Moreruela Abbey is situated to the west of Granja de Moreruela, about 35 kilometres north of the town of Zamora close to the left bank of the Esla, a tributary of the Duero.
Before the time of the Cistercians, a monastery of the Benedictines already stood on the site, founded for them either by the Asturian King Alfonso III or by Saint Froilan, which under the patronage of Alfonso VII the Cistercians took over. The date of this takeover is often put at 1131/1133, which would make Moreruela the earliest Cistercian foundation in Spain. There is however an alternative theory which dates the establishment of the Cistercians here at 1143.
Moreruela was a daughter house of Clairvaux, and in its turn was the mother house of Nogales Abbey, also in Spain (1164), and Aguiar Abbey in Portugal (1165).
There are many remains of the abbey, although in ruins, particularly the Romanesque abbey church in the shape of a Latin cross 63 metres long, the construction of which was begun about 1170 and finished in the second quarter of the 13th century. The apse at the east end is completely preserved and has a vaulted ambulatory round a rectangular choir, with seven chapels as at Clairvaux. Also preserved are the walls of the 27 metres wide transept and of the northern aisle, and parts of the nave, once comprising three aisles and nine bays. Of the conventual buildings to the north of the church, the chapter house among others remains, although partly reconstructed.References:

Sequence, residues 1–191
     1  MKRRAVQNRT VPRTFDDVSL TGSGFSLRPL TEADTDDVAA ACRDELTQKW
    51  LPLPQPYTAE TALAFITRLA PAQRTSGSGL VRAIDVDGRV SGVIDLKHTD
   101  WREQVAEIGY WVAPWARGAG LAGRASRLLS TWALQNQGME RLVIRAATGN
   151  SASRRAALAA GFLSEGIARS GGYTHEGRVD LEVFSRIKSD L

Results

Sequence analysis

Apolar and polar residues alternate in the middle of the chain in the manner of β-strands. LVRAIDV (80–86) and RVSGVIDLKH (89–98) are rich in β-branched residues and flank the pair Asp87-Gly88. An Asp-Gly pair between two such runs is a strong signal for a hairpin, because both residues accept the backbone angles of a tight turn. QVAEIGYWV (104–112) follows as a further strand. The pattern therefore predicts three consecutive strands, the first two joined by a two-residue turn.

The Amphitheatre of the Three Gauls was part of the federal sanctuary of the three Gauls dedicated to the cult of Rome and Augustus celebrated by the 60 Gallic tribes when they gathered at Lugdunum (Lyon). The amphitheatre was built at the foot of the La Croix-Rousse hill at what was then the confluence of the Rhône and Saône.
Excavations have revealed a basement of three elliptical walls linked by cross-walls and a channel surrounding the oval central arena. The arena was slightly sloped, with the building"s south part supported by a now-vanished vault. The arena"s dimensions are 67,6m by 42m. This phase of the amphitheatre housed games which accompanied the imperial cult, with its low capacity (1,800 seats) being enough for delegations from the 60 Gallic tribes.
The amphitheatre was expanded at the start of the 2nd century. Two galleries were added around the old amphitheatre, raising its width from 25 metres to 105 metres and its capacity to about 20,000 seats. In so doing it made it a building open to the whole population of Lugdunum and its environs.